When "youth" means "young people considered as a group", oxfordlearnersdictionaries.com gives examples for this meaning both with "the" and without it. The examples where "youth" is without "the" are:
(1a) training for unemployed youth
(2a) Youth and adults tend to see things very differently.
(3a) the aspirations of modern youth

But britannica.com says that in this meaning, we must use only "the youth", i.e. necessarily with "the". Therefore, I infer that britannica.com considers (1a-3a) incorrect and the only correct variants to it are:
(1b) training for the unemployed youth
(2b) The youth and adults tend to see things very differently.
(3b) the aspirations of the modern youth

So, why do the dictionaries have different opinions on this issue?
And what's the difference between a- and b-variants?

  • Please include more of the surrounding text for the "b" examples. As they stand currently, 1b and 3b are grammatically incorrect and 2b is awkward at best. Mar 23 at 8:45
  • Your inferences are wrong. (A) We don't put an article between an adjective and a noun, so it would have to be the modern youth. (B) Britannica's examples (such as the youth of America) are all particular cases where the article is required, but the Oxford examples show that it isn't always necessary. Mar 23 at 9:09
  • @Seattleguy Thanks. I've corrected (1b) and (3b).
    – Loviii
    Mar 23 at 10:08
  • @KateBunting Thanks. I've corrected (1b) and (3b).
    – Loviii
    Mar 23 at 10:09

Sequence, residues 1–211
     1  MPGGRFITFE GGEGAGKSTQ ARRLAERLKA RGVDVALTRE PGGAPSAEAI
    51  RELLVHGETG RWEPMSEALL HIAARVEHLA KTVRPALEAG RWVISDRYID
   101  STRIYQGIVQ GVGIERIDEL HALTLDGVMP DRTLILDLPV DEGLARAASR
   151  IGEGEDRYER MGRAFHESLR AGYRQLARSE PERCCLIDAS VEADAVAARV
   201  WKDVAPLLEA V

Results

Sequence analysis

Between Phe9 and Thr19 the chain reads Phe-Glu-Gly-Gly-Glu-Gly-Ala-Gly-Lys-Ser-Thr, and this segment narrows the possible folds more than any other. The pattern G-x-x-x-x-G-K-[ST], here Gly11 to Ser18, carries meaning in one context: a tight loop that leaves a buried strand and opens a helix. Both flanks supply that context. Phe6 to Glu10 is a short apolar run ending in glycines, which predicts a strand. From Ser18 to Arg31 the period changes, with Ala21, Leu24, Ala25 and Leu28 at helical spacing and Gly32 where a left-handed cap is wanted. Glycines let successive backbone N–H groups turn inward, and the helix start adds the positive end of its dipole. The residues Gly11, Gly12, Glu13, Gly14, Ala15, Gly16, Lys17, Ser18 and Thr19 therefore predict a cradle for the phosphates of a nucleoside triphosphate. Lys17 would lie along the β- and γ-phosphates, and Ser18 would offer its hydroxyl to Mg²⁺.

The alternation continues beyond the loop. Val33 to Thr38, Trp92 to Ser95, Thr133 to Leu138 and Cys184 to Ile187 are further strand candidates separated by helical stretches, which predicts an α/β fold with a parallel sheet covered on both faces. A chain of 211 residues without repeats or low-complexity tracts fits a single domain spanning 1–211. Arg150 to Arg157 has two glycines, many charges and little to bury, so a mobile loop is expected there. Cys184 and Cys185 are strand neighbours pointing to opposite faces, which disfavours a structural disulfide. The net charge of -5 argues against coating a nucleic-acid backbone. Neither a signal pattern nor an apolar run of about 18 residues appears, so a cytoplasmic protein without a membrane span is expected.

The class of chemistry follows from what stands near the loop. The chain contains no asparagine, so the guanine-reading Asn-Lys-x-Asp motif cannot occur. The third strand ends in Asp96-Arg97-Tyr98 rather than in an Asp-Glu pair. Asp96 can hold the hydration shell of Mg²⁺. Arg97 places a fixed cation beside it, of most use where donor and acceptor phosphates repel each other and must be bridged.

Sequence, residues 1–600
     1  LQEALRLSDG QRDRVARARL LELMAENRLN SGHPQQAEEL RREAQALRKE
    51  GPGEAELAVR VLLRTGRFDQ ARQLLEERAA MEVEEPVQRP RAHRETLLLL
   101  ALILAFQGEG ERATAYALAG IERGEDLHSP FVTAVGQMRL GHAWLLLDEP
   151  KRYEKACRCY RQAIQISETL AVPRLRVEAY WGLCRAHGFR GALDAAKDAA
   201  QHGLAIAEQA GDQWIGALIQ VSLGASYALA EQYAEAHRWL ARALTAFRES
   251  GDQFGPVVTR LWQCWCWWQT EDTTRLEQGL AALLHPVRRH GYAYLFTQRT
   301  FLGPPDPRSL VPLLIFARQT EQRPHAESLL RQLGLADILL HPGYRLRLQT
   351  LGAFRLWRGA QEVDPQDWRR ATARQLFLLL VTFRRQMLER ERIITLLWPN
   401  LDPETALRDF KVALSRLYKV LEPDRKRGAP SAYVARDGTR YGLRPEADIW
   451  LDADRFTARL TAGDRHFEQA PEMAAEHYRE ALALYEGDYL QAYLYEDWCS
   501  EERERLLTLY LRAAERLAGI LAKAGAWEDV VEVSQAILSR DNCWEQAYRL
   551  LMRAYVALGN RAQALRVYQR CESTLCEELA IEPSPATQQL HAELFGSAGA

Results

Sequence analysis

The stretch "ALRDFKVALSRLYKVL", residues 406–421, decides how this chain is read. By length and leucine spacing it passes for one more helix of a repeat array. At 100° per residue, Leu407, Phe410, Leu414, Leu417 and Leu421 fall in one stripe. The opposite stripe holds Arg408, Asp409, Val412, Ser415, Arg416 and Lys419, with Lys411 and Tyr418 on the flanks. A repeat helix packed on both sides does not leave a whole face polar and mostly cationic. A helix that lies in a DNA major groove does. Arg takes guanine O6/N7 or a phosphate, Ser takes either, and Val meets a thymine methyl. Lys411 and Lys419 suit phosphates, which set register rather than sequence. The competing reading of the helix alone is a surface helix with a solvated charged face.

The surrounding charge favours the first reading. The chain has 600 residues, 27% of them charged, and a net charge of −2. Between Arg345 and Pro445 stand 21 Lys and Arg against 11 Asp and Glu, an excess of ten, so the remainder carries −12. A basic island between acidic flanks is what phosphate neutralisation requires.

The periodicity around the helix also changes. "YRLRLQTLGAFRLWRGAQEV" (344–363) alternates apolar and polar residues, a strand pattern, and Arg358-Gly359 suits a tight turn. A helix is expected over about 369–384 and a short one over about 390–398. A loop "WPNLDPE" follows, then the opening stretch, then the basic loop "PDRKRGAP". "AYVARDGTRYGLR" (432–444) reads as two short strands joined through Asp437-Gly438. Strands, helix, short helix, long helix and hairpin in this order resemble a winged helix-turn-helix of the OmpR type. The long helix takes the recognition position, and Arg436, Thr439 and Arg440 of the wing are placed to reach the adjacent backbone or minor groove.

• Youth can be singular or plural, although the plural youths is sometimes found. You need to work out which is singular and which is plural - it's not always clear what is intended. And note that the singular can be used in a generic sense as well as to refer to a particular young person. So that's a lot of possibilities to guess what is meant.
    – Stuart F
    Mar 23 at 15:58

2 Answers 2


Britannia's definition 4 leaves out something very important.

It is no accident that all their examples have youth qualified: "the youth of today", "the youth of America", "The city's youth".

When youth in that sense is unqualified, as in your examples, it can't take "the".

In this it is like many abstracts: we don't normally refer to "the beauty" but we do say "the beauty of a sunny day".


"Youth" can be a singular noun (one child) or collective (all children). Similar to "sheep" or "fish".

Which meaning is intended will usually be determined by the surrounding context, though it can be difficult, e.g. 2a and 2b could be taken either way as they stand, requiring further knowledge of the subjects referenced to be sure either way.

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